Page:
Gene Transfer into Respiratory Epithelial Cells by Targeting the Polymeric Immunoglobulin Receptor

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Abstract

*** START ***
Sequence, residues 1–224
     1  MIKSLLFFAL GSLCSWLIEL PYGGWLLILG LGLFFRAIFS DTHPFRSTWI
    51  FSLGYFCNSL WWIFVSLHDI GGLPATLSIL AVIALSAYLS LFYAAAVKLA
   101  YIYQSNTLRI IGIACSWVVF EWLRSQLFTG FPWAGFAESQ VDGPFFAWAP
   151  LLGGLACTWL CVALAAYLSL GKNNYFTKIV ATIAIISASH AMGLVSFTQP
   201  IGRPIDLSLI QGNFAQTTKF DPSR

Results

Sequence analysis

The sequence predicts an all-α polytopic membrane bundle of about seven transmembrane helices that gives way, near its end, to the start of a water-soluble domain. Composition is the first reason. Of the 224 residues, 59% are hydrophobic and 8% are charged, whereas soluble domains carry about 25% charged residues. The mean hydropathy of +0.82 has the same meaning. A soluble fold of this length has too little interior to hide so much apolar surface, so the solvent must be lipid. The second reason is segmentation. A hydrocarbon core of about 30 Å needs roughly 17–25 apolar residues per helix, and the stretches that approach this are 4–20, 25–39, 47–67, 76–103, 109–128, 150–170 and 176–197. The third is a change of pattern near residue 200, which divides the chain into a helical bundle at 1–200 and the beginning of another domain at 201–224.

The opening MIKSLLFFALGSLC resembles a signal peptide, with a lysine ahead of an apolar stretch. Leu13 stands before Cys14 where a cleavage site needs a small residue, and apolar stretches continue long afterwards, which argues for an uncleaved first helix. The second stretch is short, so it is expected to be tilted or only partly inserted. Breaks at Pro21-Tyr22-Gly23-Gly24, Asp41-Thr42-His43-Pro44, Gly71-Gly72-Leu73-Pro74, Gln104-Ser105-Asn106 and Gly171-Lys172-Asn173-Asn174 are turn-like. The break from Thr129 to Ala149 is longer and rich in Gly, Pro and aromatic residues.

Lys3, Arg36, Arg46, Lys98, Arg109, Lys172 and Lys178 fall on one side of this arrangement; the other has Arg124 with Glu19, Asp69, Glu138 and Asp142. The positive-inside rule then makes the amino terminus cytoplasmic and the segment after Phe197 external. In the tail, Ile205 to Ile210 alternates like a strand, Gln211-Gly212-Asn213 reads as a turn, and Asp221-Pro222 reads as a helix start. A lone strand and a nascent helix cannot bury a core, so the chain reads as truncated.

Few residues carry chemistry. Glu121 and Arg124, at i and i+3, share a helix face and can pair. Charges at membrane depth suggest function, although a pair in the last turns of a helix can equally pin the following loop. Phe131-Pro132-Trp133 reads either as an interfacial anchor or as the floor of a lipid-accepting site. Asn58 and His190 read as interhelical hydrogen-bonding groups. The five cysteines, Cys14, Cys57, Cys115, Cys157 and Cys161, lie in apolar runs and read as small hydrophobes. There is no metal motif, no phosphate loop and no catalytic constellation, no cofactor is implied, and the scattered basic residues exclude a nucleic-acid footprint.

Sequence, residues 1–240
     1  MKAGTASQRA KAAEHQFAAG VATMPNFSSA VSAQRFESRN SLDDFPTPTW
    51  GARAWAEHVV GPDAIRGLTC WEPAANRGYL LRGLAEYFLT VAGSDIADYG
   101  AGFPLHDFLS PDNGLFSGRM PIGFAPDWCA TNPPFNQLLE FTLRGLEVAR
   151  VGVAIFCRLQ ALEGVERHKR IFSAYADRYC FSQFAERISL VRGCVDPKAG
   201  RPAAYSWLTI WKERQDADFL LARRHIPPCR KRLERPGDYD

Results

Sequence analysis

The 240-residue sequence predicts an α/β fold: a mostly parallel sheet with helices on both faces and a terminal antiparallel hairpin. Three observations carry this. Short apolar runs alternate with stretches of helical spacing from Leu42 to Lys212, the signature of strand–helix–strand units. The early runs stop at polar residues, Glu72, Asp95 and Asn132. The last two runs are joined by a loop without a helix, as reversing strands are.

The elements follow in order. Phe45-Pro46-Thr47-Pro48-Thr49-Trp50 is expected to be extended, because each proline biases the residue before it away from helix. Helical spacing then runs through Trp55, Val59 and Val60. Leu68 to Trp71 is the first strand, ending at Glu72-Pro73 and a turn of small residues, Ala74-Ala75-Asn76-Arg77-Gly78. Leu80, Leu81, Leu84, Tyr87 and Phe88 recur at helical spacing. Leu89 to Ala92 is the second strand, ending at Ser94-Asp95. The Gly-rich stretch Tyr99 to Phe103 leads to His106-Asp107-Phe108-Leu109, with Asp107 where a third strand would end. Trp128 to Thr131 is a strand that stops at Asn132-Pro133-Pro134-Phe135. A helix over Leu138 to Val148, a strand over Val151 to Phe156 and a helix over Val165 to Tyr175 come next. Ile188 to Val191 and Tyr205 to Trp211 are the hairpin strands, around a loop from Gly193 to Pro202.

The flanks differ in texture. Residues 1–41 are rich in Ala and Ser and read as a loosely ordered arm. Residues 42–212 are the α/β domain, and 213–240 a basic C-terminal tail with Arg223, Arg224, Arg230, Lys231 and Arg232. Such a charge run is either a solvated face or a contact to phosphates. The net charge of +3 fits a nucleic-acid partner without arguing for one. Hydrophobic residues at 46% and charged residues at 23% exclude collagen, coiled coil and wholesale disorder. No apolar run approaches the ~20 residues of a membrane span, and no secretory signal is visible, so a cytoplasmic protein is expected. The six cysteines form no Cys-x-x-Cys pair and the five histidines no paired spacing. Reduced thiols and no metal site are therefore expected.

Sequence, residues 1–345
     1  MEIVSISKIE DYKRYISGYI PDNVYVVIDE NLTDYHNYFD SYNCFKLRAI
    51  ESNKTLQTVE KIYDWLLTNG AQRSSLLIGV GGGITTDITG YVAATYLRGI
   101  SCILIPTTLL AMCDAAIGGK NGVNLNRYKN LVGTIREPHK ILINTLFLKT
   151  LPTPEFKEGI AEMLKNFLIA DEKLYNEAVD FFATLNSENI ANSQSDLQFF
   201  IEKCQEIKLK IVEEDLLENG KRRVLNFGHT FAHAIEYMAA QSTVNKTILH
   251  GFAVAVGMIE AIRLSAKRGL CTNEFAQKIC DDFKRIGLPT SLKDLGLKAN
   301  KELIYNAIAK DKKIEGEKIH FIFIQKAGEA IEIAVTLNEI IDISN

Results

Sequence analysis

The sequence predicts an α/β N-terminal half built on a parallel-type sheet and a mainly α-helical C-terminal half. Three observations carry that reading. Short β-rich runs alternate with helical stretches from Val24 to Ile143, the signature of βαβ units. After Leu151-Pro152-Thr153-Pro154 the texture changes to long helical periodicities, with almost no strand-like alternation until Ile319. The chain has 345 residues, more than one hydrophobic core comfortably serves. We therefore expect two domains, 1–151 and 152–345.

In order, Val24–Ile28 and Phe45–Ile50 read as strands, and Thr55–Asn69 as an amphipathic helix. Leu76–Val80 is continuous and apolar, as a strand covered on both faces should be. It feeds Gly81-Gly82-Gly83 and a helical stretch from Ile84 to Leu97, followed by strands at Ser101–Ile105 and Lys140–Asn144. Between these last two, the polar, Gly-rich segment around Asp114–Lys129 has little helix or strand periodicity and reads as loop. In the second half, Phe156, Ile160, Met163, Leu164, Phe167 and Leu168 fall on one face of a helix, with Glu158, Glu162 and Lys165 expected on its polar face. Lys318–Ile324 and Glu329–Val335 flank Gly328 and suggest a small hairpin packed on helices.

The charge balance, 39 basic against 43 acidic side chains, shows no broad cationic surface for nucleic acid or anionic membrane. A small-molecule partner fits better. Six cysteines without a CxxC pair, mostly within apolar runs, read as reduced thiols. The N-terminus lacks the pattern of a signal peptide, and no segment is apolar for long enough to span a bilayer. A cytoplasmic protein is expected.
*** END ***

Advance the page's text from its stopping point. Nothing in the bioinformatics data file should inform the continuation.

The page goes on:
A system for targeting foreign DNA to epithelial cells in vitro has been developed by exploiting receptor-mediated endocytosis. The polymeric immunoglobulin receptor transports dimeric immunoglobulin A and immunoglobulin M through epithelial cells, including those of the respiratory tract, by binding the immunoglobulins at the basolateral surface and transporting them across the cell. Fab fragments of antibodies directed against the extracellular portion of the receptor, secretory component, are similarly transported. Anti-human secretory component Fab fragments were covalently linked to a polycation, and complexed to various expression plasmids. When bound to an expression plasmid containing the Escherichia coli lacZ gene ligated to the Rous sarcoma virus promoter, the complexes transfected HT29.74 human colon carcinoma cells induced to express polymeric immunoglobulin receptor, but not those lacking the receptor. Primary cultures of human tracheal epithelial cells grown on collagen gels, which induce the expression of polymeric immunoglobulin receptor, were also transfected with the complexes. From 5 to 66% of the respiratory epithelial cells had beta-galactosidase activity after treatment, comparable to the percentage of cultured human tracheal epithelial cells that express polymeric immunoglobulin receptor (8-35%). The addition of excess human secretory component (Fab ligand) to the culture medium at the time of transfection blocked the delivery of DNA. The expression plasmid, either alone, complexed to the polycation, or complexed to a carrier based on an irrelevant Fab fragment, was not effective in transfecting either cell type. This DNA carrier system introduces DNA specifically into epithelial cells that contain pIgR in vitro. (J. Clin. Invest. 1993. 92:2394-2400.) Key words: polymeric immunoglobulin receptor. DNA transfection. gene targeting. secretory component. trachea. epithelial cells

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